Formats for On-line Papers
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The following formats are used.
Maybe there needs to be a project, perhaps by a consortium
to produce a good system for the on-line production and viewing of
text that includes mathematics. Maybe there is, and I just don't know
about it. On second thought, maybe
latex2html is good enough, although it operates very slowly on
documents with a lot of mathematics, since each formula has to be translated
to dvi, then to Postscript and then to a gif and the pasted in.
- This is ok for a document that is to be printed rather than
read on-line. Postscript viewers are optimized for proofreading
documents that are to be printed. Here are some of postscript's
- Reading at 72 dots per inch a
document intended to be printed at 600 dots per inch is unpleasant. It
is possible to compile the document into a form suitable for on-line
reading. It is a lot of work, and suitable style files are not
- The document cannot have links out of it.
- The user cannot put a link to a specific point in the document in
other documents. See the later discussion of "unco-operative links."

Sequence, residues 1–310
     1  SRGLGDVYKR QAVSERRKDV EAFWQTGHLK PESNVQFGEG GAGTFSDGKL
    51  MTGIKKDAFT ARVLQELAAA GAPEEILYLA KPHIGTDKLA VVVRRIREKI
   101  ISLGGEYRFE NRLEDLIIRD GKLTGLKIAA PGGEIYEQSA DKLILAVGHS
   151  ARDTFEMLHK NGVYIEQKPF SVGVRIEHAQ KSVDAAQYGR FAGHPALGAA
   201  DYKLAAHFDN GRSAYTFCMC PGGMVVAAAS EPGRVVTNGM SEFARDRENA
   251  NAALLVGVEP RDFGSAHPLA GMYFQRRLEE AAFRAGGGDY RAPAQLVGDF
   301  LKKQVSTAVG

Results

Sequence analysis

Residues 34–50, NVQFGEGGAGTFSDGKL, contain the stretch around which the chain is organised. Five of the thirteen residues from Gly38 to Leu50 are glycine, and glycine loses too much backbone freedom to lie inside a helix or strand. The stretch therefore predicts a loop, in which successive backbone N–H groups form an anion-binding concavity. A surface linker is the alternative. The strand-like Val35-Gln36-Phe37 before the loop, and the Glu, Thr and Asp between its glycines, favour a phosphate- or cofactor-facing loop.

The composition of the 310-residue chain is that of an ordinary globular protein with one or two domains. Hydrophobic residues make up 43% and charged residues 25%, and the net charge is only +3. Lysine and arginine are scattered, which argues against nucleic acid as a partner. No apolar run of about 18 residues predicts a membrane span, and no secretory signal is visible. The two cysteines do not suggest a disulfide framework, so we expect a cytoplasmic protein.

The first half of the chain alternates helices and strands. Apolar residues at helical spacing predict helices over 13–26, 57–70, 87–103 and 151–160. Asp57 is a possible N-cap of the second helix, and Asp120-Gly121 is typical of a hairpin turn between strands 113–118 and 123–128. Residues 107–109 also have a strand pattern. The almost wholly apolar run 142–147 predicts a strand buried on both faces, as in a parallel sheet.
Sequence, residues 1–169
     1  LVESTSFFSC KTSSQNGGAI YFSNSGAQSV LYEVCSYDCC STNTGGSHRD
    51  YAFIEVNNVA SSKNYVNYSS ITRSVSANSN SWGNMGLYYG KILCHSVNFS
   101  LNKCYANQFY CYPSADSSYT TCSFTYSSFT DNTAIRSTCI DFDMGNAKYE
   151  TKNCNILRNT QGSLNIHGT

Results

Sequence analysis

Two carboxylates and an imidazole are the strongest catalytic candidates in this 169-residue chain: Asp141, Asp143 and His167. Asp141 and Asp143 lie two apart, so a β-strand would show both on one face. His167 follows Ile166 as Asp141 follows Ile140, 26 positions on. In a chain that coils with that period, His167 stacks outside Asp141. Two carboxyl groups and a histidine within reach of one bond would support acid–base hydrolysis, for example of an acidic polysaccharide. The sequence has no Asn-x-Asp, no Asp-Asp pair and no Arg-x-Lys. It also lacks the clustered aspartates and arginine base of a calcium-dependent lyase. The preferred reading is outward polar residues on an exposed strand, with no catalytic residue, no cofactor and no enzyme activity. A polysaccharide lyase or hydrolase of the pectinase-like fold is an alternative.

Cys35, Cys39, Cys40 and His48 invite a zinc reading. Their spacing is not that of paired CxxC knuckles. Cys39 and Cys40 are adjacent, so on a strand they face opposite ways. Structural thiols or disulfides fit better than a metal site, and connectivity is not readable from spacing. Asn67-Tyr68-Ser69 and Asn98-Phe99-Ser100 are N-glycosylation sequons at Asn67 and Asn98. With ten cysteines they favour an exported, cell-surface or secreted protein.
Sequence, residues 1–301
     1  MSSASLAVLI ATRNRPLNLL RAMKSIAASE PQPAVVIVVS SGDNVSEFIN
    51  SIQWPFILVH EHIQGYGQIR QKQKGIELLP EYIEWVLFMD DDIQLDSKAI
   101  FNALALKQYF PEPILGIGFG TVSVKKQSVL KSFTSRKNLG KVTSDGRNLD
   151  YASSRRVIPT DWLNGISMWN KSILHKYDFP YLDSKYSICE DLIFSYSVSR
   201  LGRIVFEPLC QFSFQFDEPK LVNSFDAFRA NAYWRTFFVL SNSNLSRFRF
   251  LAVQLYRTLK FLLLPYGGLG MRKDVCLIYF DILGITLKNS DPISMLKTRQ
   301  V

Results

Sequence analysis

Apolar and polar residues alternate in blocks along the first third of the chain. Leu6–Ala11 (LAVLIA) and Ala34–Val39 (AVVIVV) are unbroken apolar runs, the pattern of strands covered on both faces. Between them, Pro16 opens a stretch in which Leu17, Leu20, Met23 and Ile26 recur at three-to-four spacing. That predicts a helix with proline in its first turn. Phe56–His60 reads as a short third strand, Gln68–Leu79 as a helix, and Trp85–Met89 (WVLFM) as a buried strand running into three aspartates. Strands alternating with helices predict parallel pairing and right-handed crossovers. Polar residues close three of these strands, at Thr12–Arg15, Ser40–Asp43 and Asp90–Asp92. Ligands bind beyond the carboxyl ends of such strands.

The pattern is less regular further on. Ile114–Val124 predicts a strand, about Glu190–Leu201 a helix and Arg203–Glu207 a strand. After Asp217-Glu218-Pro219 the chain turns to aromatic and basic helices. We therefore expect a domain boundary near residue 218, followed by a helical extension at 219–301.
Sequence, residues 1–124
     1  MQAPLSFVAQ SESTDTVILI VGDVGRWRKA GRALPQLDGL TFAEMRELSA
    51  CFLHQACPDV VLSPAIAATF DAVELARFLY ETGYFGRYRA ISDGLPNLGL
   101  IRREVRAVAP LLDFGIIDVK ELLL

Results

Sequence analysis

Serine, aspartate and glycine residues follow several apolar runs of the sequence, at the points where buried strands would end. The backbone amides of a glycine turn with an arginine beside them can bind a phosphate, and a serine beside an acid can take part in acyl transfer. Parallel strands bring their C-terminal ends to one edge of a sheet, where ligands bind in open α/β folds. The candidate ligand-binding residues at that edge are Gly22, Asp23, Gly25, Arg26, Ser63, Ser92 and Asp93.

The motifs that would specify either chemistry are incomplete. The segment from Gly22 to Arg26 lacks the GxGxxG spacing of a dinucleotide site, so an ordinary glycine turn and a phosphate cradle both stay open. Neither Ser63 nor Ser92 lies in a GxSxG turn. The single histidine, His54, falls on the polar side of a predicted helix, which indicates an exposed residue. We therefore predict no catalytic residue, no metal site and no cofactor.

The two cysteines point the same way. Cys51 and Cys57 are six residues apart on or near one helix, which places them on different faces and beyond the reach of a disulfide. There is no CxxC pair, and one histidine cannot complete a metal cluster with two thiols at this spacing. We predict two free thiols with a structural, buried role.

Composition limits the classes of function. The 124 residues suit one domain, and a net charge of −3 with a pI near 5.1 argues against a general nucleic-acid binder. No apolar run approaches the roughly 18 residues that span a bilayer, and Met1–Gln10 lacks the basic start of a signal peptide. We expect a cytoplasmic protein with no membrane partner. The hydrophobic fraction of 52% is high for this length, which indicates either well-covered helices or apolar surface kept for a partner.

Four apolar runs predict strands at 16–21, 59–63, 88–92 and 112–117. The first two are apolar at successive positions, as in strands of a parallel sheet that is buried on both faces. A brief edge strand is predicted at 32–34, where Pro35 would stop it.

- The document cannot be searched for specific phrases.
- Excerpts cannot be copied.
- The disadvantages are the same as postscript, except that the viewers
are better, and magnification is possible in the viewer.
- It is legible on-line and has links. It allows pictures and
diagrams, and the advertising applications are driving improvements
in that respect. Its disadvantages are
- The available forms of html and the viewers do not support
mathematical formulas. Making formulas available seems to be an extremely
low priority for Netscape, et. al., who correctly see that there is no
way the scientific market will contribute much to the billions of dollars
their stockholders expect them to make. See latex2html.
- There are no uncooperative links, i.e. a reader cannot ask his reader
to give him a link to a specific place in a Netscape document so that
he can return to it or refer to it in another document. The only links
into a document have to be provided by the creator of the document putting
in anchors. Uncooperative links can be based on counts or searches.
- This elegant system converts a Latex document to a number of
files with an internal linkage structure based on the latex labels.
It is a trifle complicated to use. See the
LaTeX2HTML Tranlator manual.
- Adobe Acrobat
- The original form did not allow arbitrary links out, but the new
version apparently does. It is proprietary, so the features are
limited to what Adobe chooses to provide. It can handle mathematical
formulas. No uncooperative links. It allows searching and excerpting.
It isn't available on all machines, especially not all Unix machines.
See Adobe Acrobat.
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